If you aren’t sure about stairlifts and would like some more information about them, drop me an email buildmumahouse@gmail.com. Let’s talk.

 

 

How to make cooking easier and more enjoyable at any age – 5 design features that Howdens Inclusive kitchens deliver on

May 18, 2016

Howdens, the best kept secret in kitchens. If you’re not a builder with an account with them this is how it will stay. You won’t find out that this is a company with a fantastic attitude to delivering well thought out kitchen options across the full range of their designs and to suit your budget.

If your builder doesn’t have an account with them, you won’t find out that when they design a kitchen for you its well designed, delivered on time and if there are any problems they get sorted out straight away. You won’t know that when you, the client, go into Howdens they are really friendly and sort out your question quickly.

So… I’m unlocking the Big Secret for you – they make Inclusive kitchens. Really good ones. In all colours, finishes and prices. I couldn’t get my hands on these until I went to Naidex the UK’s largest disability, rehabilitation and homecare event … and these are the top 5 secrets that I’m sharing with you.

1. Accessible Wall Cupboards

This is my favourite secret, wall cupboards with shelves that come down to you. I took these pictures at Naidex, you can see that if you are in a wheelchair this makes your stuff easy to reach- but this is just as important for anyone who is elderly and can’t reach up to wall cupboards or in fact anyone who finds a step stool a bit precarious.

Standard pull-down shelf 2 wire base baskets with a smooth, adjustable operating piston mechanism. Compatible with 600mm wall cabinets.

Standard pull-down shelf 2 wire base baskets with a smooth, adjustable operating piston mechanism. Compatible with 600mm wall cabinets.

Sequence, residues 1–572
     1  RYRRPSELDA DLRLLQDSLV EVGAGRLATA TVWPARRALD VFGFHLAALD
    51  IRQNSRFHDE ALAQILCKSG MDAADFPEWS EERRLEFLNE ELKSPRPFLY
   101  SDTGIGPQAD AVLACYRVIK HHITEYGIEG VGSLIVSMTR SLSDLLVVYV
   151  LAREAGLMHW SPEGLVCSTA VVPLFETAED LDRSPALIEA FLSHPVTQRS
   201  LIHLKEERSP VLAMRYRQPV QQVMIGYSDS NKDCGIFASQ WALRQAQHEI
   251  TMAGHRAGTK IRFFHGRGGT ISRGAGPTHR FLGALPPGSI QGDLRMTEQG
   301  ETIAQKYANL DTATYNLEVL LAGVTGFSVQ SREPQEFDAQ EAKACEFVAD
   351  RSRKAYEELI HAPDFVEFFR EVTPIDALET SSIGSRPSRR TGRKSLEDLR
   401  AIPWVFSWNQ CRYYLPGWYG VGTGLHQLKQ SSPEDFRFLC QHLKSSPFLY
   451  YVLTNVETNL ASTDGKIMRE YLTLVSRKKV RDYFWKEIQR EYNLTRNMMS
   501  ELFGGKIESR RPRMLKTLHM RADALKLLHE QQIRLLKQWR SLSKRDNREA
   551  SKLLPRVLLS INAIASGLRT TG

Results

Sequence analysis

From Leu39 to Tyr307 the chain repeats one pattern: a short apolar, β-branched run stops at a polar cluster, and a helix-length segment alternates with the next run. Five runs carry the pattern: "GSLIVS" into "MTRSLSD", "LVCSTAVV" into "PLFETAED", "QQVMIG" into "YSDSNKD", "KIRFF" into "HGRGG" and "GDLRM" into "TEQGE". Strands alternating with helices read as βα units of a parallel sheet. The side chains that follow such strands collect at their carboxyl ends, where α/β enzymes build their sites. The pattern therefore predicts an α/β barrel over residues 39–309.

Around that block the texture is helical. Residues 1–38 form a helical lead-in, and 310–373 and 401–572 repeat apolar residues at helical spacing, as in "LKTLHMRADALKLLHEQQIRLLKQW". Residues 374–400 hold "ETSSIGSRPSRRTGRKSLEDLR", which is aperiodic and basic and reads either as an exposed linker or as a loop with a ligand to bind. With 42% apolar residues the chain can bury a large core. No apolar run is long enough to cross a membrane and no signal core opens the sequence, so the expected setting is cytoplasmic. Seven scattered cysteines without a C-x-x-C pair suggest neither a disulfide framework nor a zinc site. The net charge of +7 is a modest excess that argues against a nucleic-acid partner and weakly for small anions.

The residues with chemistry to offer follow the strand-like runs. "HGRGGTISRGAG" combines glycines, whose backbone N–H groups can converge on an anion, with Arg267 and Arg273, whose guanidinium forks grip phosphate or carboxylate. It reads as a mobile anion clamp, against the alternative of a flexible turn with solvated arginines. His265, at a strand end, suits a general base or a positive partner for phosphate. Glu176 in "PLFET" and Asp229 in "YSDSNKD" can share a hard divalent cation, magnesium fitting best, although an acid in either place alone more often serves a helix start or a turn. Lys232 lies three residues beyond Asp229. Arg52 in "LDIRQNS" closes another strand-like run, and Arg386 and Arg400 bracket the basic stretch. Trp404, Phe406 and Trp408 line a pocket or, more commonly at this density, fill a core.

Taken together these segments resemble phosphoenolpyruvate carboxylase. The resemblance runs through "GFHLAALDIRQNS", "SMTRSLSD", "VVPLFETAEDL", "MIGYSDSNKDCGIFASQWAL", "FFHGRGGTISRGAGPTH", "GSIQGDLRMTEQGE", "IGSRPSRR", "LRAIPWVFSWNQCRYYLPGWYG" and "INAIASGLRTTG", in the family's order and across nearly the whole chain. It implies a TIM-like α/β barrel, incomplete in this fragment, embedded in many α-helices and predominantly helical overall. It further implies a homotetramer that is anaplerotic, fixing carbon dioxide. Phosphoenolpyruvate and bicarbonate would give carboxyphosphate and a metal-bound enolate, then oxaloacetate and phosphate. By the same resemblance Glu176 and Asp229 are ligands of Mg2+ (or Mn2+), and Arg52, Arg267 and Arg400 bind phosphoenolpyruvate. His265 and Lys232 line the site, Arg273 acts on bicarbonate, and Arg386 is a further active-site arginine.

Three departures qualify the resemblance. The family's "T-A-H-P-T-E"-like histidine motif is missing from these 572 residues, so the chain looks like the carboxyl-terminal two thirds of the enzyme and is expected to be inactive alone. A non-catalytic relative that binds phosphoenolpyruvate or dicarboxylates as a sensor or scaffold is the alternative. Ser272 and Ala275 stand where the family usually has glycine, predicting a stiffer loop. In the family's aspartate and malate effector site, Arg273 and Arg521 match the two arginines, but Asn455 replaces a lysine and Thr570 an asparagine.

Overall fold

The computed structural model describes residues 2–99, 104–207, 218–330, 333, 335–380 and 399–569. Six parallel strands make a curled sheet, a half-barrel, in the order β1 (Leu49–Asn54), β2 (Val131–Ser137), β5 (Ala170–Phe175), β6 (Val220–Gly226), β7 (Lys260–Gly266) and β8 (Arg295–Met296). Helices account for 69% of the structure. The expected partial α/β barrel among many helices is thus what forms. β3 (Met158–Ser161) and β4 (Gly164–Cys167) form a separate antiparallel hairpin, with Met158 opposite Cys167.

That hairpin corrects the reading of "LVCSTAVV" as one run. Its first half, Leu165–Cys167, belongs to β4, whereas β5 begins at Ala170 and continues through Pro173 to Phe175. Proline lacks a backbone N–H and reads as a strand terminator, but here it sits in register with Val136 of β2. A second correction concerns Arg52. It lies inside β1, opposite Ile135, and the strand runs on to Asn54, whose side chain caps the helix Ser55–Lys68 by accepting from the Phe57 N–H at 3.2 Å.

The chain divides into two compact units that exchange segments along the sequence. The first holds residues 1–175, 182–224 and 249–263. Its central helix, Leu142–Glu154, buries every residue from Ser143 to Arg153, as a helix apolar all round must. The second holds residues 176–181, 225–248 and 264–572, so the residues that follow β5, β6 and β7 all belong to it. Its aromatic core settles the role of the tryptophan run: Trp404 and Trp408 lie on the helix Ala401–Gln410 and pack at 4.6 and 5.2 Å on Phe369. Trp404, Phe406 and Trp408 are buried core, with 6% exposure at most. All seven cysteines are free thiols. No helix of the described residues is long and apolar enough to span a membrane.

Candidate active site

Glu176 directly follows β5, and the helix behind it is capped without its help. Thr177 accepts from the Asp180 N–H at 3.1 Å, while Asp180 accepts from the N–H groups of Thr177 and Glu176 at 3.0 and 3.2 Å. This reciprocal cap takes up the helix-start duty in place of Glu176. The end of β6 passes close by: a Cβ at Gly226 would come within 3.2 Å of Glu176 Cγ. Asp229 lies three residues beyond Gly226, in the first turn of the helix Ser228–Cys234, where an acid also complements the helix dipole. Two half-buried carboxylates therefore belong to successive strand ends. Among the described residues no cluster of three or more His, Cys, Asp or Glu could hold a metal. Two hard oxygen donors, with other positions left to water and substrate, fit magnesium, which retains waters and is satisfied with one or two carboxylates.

2. Adjustable base unit height.

There are two plinth heights with the Inclusive option, depending, on your needs you can have all of your kitchen lower or higher for easy access.

You can sit with your feet under the hob and you can option to make this adjustable.

You can sit at the hob and cook with ease.

 

The really fantastic features in the base units, though, is the sink and hob. With both of these you can sit down either on a stool or in a wheelchair, put your knees under the unit and get stuck in with the cooking (or peeling the spuds over the sink). Both have an option to be raised or lowered with the flick of a switch- which is good if your family has a range of needs and ages.

 

 

 

 

 

3. Easy to use appliances.

Howdens supply their own appliances range called Lamona, as well as AEG, Neff and Bosch. It’s the easy to reach ovens that really understand what people need. The side opening Lamona oven is ideal for easy access for anyone in a wheelchair, support or elderly. Read my review of electric ovens for more information. Match this oven with the Inclusive tower unit and you can install it at a lower height than usual, and add a telescopic shelf beneath the oven. This shelf is so useful for that hot or heavy dish coming out of the oven – ideal for safe use. Just wish the oven came without a clock. How many carers get the call to go over to reset the oven clock?

And the cooking extractor with a remote control. Simply Brilliant.

4. Door Handles

The kitchens on display at Naidex had integrated door handles. This really isn’t much good for anyone elderly, with a weakend grip or restricted movement in their hands. A ‘D’ handle is ideal, a comfortable shaped door handle for opening drawers and cupboards. Howdens do a good range of handles and the good thing is that the Integrated features can be added to any kitchen in their ranges. But do shop around – I found some lovely well designed, easy to use, well priced ones in Ikea.

5. Good range of bright worktops.

Elderly people or anyone with a poor eyesight will benefit from the definition that a light and bright kitchen worktop will give. I was delighted to see that Howdens have a lot of choice across all the price points and again they seem to have lots in stock with short delivery lead times.

So.. that’s the five big Howden secrets that will help you plan a kitchen for yourself or for an elderly parent, or for someone who wants to remain independent and continue to enjoy cooking and entertaining. You will also find a good list of tips and hints on the Which? website but have a look at my Pinterest boards for more inspiration for a kitchen that addresses mobility issues and is on trend.

 

 

 

 

 

Going Electric: Ovens

April 22, 2016

… it turns out after 60 years that its good bye to a gas oven that warms your calves after you lean down to open the door and hello to an electric oven with an easy reach grill.

After much debate about how an oven will fit into her new downsized life, my mum reckons she can put up with an electric oven; she will only use one occasionally, but most importantly, when the family visit, she can roast a chicken. So that’s how we came to the conclusion that she needed a full size oven, a half oven was a downsize too far.